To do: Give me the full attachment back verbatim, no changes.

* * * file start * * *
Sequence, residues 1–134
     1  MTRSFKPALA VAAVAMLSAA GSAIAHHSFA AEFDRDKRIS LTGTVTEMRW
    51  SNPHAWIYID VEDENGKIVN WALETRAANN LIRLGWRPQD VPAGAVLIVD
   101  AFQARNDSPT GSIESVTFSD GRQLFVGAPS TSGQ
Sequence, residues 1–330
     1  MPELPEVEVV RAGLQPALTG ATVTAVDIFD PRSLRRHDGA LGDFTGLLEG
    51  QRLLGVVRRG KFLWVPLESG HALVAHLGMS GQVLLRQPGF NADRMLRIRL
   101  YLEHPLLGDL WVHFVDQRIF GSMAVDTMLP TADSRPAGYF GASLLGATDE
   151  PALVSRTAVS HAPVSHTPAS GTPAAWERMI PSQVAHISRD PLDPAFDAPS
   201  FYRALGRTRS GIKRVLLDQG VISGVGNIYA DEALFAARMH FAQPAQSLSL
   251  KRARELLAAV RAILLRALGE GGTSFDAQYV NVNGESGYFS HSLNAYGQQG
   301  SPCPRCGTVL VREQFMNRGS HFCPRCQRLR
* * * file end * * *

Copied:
Sequence, residues 1–134
     1  MTRSFKPALA VAAVAMLSAA GSAIAHHSFA AEFDRDKRIS LTGTVTEMRW
    51  SNPHAWIYID VEDENGKIVN WALETRAANN LIRLGWRPQD VPAGAVLIVD
   101  AFQARNDSPT GSIESVTFSD GRQLFVGAPS TSGQ
Sequence, residues 1–330
     1  MPELPEVEVV RAGLQPALTG ATVTAVDIFD PRSLRRHDGA LGDFTGLLEG
    51  QRLLGVVRRG KFLWVPLESG HALVAHLGMS GQVLLRQPGF NADRMLRIRL
   101  YLEHPLLGDL WVHFVDQRIF GSMAVDTMLP TADSRPAGYF GASLLGATDE
   151  PALVSRTAVS HAPVSHTPAS GTPAAWERMI PSQVAHISRD PLDPAFDAPS
   201  FYRALGRTRS GIKRVLLDQG VISGVGNIYA DEALFAARMH FAQPAQSLSL
   251  KRARELLAAV RAILLRALGE GGTSFDAQYV NVNGESGYFS HSLNAYGQQG
   301  SPCPRCGTVL VREQFMNRGS HFCPRCQRLR